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Why The Loopholes In The Child Labour Bill Are Good News For The Middle Class Indian

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By Pranav Prakash:

A few months ago, I had the distinct pleasure of conversing with one of the country’s greatest economists, who in characteristic modesty and in a manner far less emphatic than the issue deserved, recounted a speech by a famous political scientist from MIT who had visited our capital over a dozen politically iridescent summers ago.

For the purpose of the narrative, I will paraphrase his speech and include a few additional details, in an attempt to provide a more vivid representation of the idea.

The thought experiment that he had proposed to the audience in attendance was simple. He began by recounting how, in every one of his trips to the subcontinent, he would get to meet, and often closely interact with, several of his ‘middle-class’ acquaintances who worked and lived supposedly modest lives here. A typical visit to the homes of these hospitable colleagues of his would make for fascinating, but also to no small measure – paradoxical, tales that he could recount to his friends and fellow academics back in the States. For instance, he would travel by rickshaw and alight in front of a humble suburban home that, in and of itself, would suggest a lifestyle and an economic status that would resonate with a sizeable fraction of the country. He would, with great reverence, be invited into the house and would make his way past a maid sweeping the halls and into the dining room. In the midst of exchanging pleasantries with his hosts, a cook would step in and serve him lunch, prepared just moments before. As they continued dining, the doorbell would ring and the locale’s ironman would bring in a bag of freshly pressed clothes for the week, as the maid toiled away simultaneously washing the used ones. On occasions, he would even be present for a run-in with a servant who would appear twice a week just to clean the toilets.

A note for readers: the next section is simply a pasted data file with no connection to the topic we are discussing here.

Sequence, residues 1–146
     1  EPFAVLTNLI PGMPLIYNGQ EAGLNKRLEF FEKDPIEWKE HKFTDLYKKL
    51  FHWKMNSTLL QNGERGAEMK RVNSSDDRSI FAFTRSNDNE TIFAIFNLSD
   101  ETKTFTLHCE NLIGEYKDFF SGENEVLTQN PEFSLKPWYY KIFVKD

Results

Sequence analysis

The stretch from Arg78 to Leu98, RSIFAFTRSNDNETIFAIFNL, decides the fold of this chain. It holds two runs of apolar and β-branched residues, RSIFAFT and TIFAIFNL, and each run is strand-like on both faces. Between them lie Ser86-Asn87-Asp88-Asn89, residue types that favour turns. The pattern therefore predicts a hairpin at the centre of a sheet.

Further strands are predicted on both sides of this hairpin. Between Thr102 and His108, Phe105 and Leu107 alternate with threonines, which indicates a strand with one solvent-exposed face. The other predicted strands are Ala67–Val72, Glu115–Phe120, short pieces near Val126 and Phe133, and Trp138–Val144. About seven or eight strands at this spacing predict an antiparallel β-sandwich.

Whenever these stories were shared with those abroad, especially to someone who had never set foot in India before, their reactions would typically range from curiosity to disbelief; it was, quite unsurprisingly, difficult for a person to fathom that the bulk of the middle class in a developing country such as ours could enjoy the luxury and lavishness that only their affluent counterparts, even in the most advanced economies, could hope to.

Now, as the audience, here’s what you have to do. Imagine you were transported back some sixty years ago to when the government of the day, was still creating policies for a fledgling democracy. Your task is to devise a method that would give the middle class a taste of the opulence that was just described and which could rival the greatest economies of the West. If you could suggest just one policy directive to ensure that this happened in the years to follow, what would it be ?

The answer is chilling. In order to guarantee that the middle class could continue to live a life of convenience, all you would have to do is to systematically ensure that a majority of the country’s population was denied education and hence, would continue to live under the shackles of a certain type of occupation, generation after generation.

The Child Labour (Prohibition and Regulation) Amendment Bill, 2016 which has just been passed in the Parliament seems to have been drafted with the frightening intention to keep education a prerogative of the middle class. Despite its progressive rectitude of making the employment of children below 14 years an offence and increasing the penalties and jail terms for offenders, it has created a loophole the size of Uttar Pradesh by allowing children to be employed in ‘family enterprises’. In fact, the probable lack of state capacity to prevent the perpetuation of child labour under the guise of family enterprises could only be surpassed by the sheer dearth of state will to prevent this exploitation, as evinced by the amendment.

One would have to look no further than one’s immediate neighbourhood to find the, often  unknowing, beneficiaries and victims of this systemic and vicious cycle of vocational entrapment that has sustained for decades. The Right to Education Act now faces an uphill battle against this provision of the Child Labour Amendment Bill, as families from already disadvantaged sections of society would now, legally, be able to send their children to work in order to supplement their income, leaving practically very little hope for the kids to grow out of these professions as they grow up. The lifestyle of the middle class, however, carries a covenant of comfort for another generation.

Featured image source: Christine Boose/ FlickR
Banner image source: Made By Survivors/ FlickR